John Beazor Antiques was founded in 1875 in Great Yarmouth in Norfolk. At that time Yarmouth was a prosperous fishing port and one of the centres of the herring fishing industry. John Martin Beazor, who was born in 1899, joined his father in the business in the early 20th century. A photograph shows the interior of the shop on Hall Quay circa 1900 to be very much in the style of the ‘ye olde curiosity shop’, showing not only furniture but all types of porcelain, silver, jewellery and paintings.
Great Yarmouth in the 1920s and 30s was somewhat in decline so it proved something of a mixed blessing that, when the war came and the town was heavily bombed, John Beazor decided to move the business. He came to the ancient University City of Cambridge, where he knew one or two other dealers, and in 1940 set up shop in Regent Street. Building work during the war was quite a challenge so it was greatly to his credit that he converted 78 and 80 Regent Street into one property, adding to the façade a Georgian doorway from a bombed out merchant’s house in Great Yarmouth. Sometime after the war his son Keith joined him and they worked successfully in the heady days of the 1950s and 60s, travelling to all parts of the UK and covering many thousands of miles annually. During this period the trade became more specialised, and Beazor’s concentrated primarily on fine 18th and early 19th century furniture, which continues to be their main line today. Business was then largely with the trade and John Beazor’s was an important call for the top London furniture dealers as well as many overseas buyers. At the same time it was also developing a wide range of clientele from museums, the University and Colleges of Cambridge and the private market throughout the UK and parts of Europe and North America.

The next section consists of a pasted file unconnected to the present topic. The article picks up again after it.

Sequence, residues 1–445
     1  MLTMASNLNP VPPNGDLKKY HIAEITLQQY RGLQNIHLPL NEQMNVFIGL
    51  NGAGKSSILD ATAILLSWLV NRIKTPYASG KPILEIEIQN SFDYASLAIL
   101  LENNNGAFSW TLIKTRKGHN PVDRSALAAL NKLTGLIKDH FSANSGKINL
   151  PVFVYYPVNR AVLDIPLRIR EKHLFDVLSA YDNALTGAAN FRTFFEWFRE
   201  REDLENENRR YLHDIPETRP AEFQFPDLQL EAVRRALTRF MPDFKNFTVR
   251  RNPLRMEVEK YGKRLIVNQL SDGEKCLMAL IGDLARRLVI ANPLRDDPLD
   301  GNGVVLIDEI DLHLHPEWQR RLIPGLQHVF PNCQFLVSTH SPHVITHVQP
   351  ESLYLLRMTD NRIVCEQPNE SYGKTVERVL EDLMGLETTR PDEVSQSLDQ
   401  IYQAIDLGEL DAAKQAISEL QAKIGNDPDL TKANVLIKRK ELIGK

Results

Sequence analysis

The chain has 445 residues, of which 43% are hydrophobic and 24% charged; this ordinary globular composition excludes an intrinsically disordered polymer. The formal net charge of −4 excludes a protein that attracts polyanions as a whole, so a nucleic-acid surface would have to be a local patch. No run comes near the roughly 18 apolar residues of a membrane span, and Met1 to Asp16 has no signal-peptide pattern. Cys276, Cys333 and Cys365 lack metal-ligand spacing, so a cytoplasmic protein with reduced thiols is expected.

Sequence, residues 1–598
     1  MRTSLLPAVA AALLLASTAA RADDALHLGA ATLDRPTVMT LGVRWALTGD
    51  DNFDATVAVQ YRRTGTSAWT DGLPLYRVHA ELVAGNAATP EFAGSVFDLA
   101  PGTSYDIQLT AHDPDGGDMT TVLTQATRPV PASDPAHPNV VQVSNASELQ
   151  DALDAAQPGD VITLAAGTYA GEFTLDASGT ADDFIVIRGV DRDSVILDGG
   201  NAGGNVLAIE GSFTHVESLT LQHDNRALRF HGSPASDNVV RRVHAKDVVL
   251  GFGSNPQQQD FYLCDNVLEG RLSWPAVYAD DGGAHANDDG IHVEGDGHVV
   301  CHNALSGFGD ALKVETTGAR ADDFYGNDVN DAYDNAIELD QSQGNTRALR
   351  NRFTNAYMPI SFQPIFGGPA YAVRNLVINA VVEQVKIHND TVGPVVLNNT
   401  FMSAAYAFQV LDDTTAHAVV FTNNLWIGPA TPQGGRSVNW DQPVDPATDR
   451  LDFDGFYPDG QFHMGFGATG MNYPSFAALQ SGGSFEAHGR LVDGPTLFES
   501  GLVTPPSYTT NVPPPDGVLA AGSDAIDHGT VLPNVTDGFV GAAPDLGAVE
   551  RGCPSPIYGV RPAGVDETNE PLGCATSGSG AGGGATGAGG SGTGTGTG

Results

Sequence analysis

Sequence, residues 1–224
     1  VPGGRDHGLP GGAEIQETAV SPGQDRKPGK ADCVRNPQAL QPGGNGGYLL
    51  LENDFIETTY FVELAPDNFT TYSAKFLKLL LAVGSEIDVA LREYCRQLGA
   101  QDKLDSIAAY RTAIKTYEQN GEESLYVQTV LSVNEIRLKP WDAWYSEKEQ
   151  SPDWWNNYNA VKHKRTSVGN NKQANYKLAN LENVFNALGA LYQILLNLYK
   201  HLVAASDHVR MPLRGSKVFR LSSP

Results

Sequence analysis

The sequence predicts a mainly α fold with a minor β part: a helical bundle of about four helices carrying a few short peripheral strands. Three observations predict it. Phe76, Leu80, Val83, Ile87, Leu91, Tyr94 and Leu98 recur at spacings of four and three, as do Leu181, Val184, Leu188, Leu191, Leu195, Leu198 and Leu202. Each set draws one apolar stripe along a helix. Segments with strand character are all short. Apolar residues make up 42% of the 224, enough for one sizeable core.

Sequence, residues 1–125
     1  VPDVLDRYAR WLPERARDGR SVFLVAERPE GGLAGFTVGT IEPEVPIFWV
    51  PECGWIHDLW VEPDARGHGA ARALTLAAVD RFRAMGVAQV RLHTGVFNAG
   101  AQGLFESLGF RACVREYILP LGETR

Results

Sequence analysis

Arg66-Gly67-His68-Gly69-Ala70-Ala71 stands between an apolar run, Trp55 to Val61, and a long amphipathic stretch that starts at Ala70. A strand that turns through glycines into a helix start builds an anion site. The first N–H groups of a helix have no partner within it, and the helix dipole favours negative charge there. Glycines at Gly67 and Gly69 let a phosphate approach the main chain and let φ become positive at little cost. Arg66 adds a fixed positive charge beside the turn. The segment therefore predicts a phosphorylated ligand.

John Beazor died in 1973. Sometime before that Keith’s son, Martin, had joined his father and they worked happily and effectively together until Keith’s death in 2007. With a wealth of experience, Martin is supported in the running of the business today by Bridget Villatoro and John Coleman.
In the 1970s and 80s the business exhibited at a number of antiques fairs in Colchester, at the National Exhibition Centre and the Kensington Antiques Fair. More recently it has exhibited at the British Antique Dealers Association fair, though unlike many businesses, it sees itself as essentially a shop-based business open 52 weeks of the year. For over a decade John Beazor has held an annual open day and exhibition in the comfort of its Regent Street showrooms. Held usually in November, this gives the business an opportunity to show its recent acquisitions with some seasonal hospitality.
The business continues to successfully deal in fine English furniture, clocks and barometers, on which its reputation was founded. It has developed its valuation and restoration services and works closely with interior designers, both in the UK and overseas. It has a comprehensive and active website and the internet provides a means through which good contacts are made and business done. John Beazor Antiques continues to enjoy the relationships it has and the friendships it makes in the course of its business. It greatly values the compliment made by a long standing customer that ‘Beazors are nice people to do business with’.